Published on Jul 10, 2014 by Vox
The federal government is crazy to classify pot worse than alcohol
Ezra Klein explains how drugs are bad, of course, but the drug war is even worse. It's possible, however, that legal pot could be a huge public-health win. Alcohol is a far, far more dangerous drug than pot — and there's some evidence that pot can curb alcohol use. But the government doesn't need to stop there: pot can be legalized in ways that make it much more attractive than drinking.
Huffington - Apr 8/2013
The Drug War And Mass Incarceration By The Numbers by Matt Sledge
United States = 5% of the world's population
United States = 25% of the world's prison population
Nearly half of all prisoners in state prisons are locked up for nonviolent offenses.
By 2007, states spent more than $44 billion on incarceration and related expenses, a 127% jump from 1987. Over this same period, spending on higher education rose just 21%.
1 in every 106 white males age 18 or older is incarcerated.
1 in every 36 hispanic males age 18 or older is incarcerated.
1 in every 15 black males age 18 or older is incarcerated.
Wikipedia: United States incarceration rate
The United States has very abnormal statistics when observing the racial dimension of mass incarceration. According to Michelle Alexander ("The New Jim Crow"), the United States "imprisons a larger percentage of its black population than South Africa did at the height of apartheid".
A major contributor to the high incarceration rates is the length of the prison sentences in the United States. One of the criticisms of the United States system is that it has much longer sentences than any other part of the world. The typical mandatory sentence for a first-time drug offense in federal court is five or ten years, compared to other developed countries around the world where a first time offense would warrant at most 6 months in jail. Mandatory sentencing prohibits judges from using their discretion and forces them to place longer sentences on nonviolent offenses than they normally would do.
Another contributing factor to United States' spike in the number of prisoners is the War on Drugs, formally initiated by Richard Nixon with the Comprehensive Drug Abuse Prevention and Control Act of 1970 and avidly pursued by Ronald Reagan. By 2010, drug offenders in federal prison had increased to 500,000 per year, up from 41,000 in 1985. Drug related charges accounted for more than half the rise in state prisoners. The result, 31 million people have been arrested on drug related charges, approximately 1 in 10 Americans.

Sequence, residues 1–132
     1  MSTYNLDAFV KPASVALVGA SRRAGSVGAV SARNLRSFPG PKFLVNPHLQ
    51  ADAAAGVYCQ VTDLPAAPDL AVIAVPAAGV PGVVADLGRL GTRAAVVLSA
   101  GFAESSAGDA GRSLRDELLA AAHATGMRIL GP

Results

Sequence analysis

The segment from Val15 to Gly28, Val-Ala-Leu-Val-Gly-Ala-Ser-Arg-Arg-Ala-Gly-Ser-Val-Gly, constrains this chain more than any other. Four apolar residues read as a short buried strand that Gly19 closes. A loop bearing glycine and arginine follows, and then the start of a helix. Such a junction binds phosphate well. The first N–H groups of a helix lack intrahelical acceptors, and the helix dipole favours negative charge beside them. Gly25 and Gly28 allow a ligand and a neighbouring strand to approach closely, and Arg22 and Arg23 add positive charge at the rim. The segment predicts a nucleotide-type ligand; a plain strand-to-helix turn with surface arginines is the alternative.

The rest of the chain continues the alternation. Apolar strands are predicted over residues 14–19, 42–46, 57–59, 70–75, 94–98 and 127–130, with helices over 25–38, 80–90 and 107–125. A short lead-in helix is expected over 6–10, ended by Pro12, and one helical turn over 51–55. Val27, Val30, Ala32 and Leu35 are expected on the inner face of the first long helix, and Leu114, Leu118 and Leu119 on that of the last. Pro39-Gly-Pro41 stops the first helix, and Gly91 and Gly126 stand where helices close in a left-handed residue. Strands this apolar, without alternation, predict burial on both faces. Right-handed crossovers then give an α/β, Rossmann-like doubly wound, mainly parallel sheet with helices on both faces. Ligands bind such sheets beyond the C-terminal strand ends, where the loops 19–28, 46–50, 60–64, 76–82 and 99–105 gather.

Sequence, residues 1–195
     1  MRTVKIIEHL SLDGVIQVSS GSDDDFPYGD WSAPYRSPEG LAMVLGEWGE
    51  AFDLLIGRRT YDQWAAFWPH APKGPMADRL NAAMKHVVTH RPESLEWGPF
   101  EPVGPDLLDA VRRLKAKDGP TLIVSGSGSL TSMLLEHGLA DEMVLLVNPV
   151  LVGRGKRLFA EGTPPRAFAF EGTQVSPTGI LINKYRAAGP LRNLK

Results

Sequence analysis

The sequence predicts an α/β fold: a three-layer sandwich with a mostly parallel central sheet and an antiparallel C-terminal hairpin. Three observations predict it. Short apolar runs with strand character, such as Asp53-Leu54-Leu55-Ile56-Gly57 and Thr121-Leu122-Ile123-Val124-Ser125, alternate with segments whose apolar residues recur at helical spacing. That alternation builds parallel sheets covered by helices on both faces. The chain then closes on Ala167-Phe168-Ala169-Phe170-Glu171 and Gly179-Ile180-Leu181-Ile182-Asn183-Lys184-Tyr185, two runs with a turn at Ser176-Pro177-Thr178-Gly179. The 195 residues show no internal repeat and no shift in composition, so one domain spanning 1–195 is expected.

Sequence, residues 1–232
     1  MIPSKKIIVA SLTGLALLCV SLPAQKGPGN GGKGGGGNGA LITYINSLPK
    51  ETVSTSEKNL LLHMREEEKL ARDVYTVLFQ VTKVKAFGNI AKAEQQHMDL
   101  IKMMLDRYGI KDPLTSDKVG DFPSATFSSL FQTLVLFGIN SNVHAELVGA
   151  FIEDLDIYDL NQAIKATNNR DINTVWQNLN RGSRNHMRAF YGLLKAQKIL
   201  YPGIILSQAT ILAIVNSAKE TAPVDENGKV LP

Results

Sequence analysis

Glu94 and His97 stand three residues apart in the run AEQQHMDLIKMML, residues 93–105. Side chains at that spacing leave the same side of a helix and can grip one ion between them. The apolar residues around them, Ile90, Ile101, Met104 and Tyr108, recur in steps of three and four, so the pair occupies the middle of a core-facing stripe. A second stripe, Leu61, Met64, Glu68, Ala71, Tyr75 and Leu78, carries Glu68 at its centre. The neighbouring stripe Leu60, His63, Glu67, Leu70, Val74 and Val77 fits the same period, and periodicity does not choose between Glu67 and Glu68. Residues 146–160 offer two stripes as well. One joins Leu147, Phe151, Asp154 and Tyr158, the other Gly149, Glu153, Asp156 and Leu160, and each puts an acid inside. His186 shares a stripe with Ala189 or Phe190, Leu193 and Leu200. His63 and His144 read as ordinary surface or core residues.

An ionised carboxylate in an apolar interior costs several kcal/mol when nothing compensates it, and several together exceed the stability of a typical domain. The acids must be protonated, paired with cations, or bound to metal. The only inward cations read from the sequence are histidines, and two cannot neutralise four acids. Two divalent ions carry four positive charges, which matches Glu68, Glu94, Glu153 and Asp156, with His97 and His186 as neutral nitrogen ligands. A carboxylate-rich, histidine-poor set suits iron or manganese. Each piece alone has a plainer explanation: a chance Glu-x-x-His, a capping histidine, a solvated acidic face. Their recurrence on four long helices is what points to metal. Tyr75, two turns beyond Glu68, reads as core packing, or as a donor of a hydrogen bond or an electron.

After the passage of Reagan's Anti-Drug Abuse Act in 1986, incarceration for non-violent offenses dramatically increased. The Act imposed the same five-year mandatory sentence on users of crack as on those possessing 100 times as much powder cocaine. This had a disproportionate effect on low-level street dealers and users of crack, who were more commonly poor blacks, Latinos, the young, and women.
Wikipedia: Ezra Klein
Ezra Klein (born May 9, 1984) is an American journalist, blogger, and columnist. He is most known for his former work as a blogger and columnist for The Washington Post, as well his ongoing work as a contributor to Bloomberg News and MSNBC. ... In January 2014, he announced he would be leaving the Washington Post in order to start a new media venture with several other veteran journalists. He will be joining Vox Media.
Wikipedia: Vox Media
Vox Media Inc. is an American digital media company... headquartered near Dupont Circle, Washington, D.C and across from Bryant Park, in New York City. Founded in 2003 as SportsBlogs, Inc., by political strategist Jerome Armstrong, freelance writer Tyler Bleszinski, and Markos Moulitsas (creator of Daily Kos), the network now features over 300 sites with over 400 paid writers.
official web site: Vox Media
YouTube channel: Vox
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